Clear Golf Balls
Teacher’s Comments: A premium ball from an independent manufacturer. Very expensive.
When I first got an email asking if I’d like to try a “Clear Golf Ball,” I had a moment where wondered how that would work. Balls are hard enough to see in the morning dew without making them colorless. A clear ball would be pretty radical.
The Clear Golf Balls are, however, classically white. It is the marketing plan that is radical.
Rather than mass marketing and competing on price, Clear restricts supply, and prices their product significantly higher than other premium balls. To purchase Clear golf balls, you’ll need to apply for an “annual membership” priced at $950, which includes includes twelve dozen Clear Balls. That works out to $79 a dozen.
So what do you get at $79 a dozen?
Clear has two models: The Black, which is a firm four-piece ball and; the Red, a softer three piece. Soft still felt quite firm to me, though. Clear’s literature suggests that firm is their goal:
Contrary to what you may hear from major manufacturers, the choice of the best ball to suit your game is not difficult and complex. If distance is your main priority, you should choose the hardest performance ball that you can play with comfortably. If feel is your main priority, you should select the softest ball that does not sacrifice too much distance. The choice is that simple.
Both the Red and Black, Clear says, have a proprietary core which produces the highest Coefficient of Restitution (rebound effect) of any ball on the market. If that’s true, it should result in more distance. The cover for both balls is cast thermoset Urethane.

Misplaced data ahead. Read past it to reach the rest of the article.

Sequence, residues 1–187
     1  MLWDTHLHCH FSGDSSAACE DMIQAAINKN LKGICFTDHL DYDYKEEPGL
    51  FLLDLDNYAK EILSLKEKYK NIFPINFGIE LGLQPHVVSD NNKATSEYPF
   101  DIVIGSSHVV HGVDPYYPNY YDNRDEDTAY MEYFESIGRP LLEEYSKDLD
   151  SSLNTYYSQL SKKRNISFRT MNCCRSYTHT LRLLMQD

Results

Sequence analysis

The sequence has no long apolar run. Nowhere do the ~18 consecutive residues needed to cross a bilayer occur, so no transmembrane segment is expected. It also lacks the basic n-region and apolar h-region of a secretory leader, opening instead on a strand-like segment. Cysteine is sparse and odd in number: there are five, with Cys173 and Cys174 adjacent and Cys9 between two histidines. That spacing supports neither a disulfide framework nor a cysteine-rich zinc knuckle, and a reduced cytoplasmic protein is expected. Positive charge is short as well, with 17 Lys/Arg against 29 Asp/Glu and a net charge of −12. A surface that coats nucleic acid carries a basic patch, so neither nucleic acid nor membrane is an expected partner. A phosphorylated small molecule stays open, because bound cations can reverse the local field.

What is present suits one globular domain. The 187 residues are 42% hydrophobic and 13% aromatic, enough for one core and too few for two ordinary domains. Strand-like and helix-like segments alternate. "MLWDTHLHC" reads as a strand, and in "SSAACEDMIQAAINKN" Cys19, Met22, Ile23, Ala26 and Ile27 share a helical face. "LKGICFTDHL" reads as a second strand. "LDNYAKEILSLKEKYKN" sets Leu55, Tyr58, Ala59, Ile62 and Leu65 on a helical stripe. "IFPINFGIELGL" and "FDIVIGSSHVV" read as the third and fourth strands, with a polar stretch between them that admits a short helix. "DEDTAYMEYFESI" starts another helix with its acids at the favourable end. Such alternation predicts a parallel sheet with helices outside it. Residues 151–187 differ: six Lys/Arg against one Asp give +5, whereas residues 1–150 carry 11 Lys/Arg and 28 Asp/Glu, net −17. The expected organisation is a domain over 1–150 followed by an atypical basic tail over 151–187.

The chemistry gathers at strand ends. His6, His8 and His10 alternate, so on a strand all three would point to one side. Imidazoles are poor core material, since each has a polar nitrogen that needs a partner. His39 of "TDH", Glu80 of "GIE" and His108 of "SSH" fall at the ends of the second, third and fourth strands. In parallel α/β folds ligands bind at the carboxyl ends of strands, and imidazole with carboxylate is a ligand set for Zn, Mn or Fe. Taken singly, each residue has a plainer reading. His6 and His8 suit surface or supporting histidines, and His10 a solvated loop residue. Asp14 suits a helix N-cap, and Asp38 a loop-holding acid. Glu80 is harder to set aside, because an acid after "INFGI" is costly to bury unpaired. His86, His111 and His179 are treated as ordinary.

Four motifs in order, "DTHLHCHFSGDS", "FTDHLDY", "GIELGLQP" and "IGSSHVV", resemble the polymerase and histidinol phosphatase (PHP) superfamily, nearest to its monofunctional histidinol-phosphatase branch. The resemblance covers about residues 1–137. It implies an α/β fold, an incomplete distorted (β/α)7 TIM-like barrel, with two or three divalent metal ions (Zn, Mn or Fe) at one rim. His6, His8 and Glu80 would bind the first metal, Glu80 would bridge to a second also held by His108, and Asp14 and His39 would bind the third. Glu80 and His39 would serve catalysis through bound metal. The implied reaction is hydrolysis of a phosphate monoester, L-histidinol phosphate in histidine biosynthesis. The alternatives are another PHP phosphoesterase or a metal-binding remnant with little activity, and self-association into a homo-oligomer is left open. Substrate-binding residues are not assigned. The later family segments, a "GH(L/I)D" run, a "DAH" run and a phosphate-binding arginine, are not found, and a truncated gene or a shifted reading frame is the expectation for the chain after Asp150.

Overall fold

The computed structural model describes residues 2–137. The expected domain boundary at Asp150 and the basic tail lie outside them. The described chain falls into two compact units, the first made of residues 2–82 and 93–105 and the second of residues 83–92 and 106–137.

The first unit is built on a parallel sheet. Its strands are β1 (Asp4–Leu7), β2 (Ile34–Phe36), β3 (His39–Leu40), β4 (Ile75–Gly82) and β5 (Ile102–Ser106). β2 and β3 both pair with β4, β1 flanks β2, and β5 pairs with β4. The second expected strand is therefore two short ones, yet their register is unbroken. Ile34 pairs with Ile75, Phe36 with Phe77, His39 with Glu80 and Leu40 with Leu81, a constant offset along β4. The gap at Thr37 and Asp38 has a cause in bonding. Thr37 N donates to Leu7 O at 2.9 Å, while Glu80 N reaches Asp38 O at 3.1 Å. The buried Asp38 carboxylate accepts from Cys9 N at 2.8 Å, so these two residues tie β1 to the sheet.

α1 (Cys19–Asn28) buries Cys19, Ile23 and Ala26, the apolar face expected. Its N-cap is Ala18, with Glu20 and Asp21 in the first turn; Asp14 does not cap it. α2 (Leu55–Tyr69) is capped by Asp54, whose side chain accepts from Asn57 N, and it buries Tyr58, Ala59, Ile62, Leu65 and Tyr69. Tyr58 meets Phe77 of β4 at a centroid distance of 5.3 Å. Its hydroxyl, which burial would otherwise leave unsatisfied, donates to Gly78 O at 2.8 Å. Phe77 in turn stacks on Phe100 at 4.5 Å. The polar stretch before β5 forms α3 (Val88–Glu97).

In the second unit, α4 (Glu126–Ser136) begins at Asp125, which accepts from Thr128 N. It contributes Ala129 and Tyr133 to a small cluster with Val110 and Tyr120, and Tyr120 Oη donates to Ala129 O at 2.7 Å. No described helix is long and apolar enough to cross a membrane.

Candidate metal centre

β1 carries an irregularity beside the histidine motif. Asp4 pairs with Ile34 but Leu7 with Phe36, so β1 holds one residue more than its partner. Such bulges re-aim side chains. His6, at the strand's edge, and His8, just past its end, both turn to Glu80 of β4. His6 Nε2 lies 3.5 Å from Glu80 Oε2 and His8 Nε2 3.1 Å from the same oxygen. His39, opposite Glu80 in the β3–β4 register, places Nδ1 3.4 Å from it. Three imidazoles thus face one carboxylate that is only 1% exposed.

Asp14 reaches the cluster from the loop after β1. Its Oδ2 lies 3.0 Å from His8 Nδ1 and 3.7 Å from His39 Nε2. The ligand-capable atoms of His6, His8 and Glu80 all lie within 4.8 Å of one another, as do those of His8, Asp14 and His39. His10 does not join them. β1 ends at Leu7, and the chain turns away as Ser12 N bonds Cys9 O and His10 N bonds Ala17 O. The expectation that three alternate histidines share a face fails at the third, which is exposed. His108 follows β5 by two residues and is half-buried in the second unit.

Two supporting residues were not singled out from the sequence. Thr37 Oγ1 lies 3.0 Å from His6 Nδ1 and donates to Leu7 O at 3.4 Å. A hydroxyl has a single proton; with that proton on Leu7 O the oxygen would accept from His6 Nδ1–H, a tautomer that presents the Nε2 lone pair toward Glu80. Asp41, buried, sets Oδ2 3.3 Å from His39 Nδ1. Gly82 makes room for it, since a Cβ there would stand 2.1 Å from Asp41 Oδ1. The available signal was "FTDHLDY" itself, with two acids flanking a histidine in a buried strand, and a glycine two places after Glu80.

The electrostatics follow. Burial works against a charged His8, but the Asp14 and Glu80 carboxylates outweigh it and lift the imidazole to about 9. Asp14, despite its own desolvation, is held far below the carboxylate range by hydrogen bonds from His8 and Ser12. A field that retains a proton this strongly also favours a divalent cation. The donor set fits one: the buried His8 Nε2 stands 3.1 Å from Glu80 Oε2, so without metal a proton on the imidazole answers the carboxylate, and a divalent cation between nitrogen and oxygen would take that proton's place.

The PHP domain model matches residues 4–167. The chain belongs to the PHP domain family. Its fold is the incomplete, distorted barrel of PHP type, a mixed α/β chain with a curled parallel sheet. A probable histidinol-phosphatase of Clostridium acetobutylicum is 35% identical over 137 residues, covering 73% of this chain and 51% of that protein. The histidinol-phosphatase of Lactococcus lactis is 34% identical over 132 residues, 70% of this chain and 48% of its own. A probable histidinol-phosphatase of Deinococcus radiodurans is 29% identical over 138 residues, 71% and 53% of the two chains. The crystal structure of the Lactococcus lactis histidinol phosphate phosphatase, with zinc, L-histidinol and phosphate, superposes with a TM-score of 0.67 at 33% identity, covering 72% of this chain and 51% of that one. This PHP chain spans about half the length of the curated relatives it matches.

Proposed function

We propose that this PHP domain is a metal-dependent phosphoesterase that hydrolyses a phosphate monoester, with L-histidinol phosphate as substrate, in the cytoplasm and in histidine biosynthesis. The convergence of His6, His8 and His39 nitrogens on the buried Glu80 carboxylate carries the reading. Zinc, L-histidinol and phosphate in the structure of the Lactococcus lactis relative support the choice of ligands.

In practice, I really couldn’t tell the difference between the two balls. On several solo rounds, I put both the Black and Red Clear balls in play to kill time while waiting for the groups ahead. What I found was that both the Clear Red and Clear Black are plenty long and felt good off the driver and irons. Around the greens, the both balls also performed well.
I have not, however, come away with the impression that the Clear golf balls performed significantly better than my regular mix. With the Clear golf balls, I found myself in the usual spots on the course at the usual distances. Around the greens, check and roll were predictable.
I will only note that — in a rather unusual turn of circumstances — I still have all six of my sample balls after several rounds. That includes a round on a vrey tight, wood-lined course. That suggests to me that I may be getting less of the side spin that sends balls careening off to their doom.
At $79 a dozen, Clear golf balls are obviously not marketed to middle-class, mid-handicap, muni players like myself. I get along just fine with balls at a quarter of the price. Because I did not see a significant difference in my game, there is no possible way I could justify the price.
It is entirely possible, however, that better players who are looking for that last bit of edge may find the Clear golf ball attractive. Players for whom exclusivity is a consideration may also want to look into the Clear balls. I can almost guarantee that you will be the only one on the course that has put the Clear golf ball into play.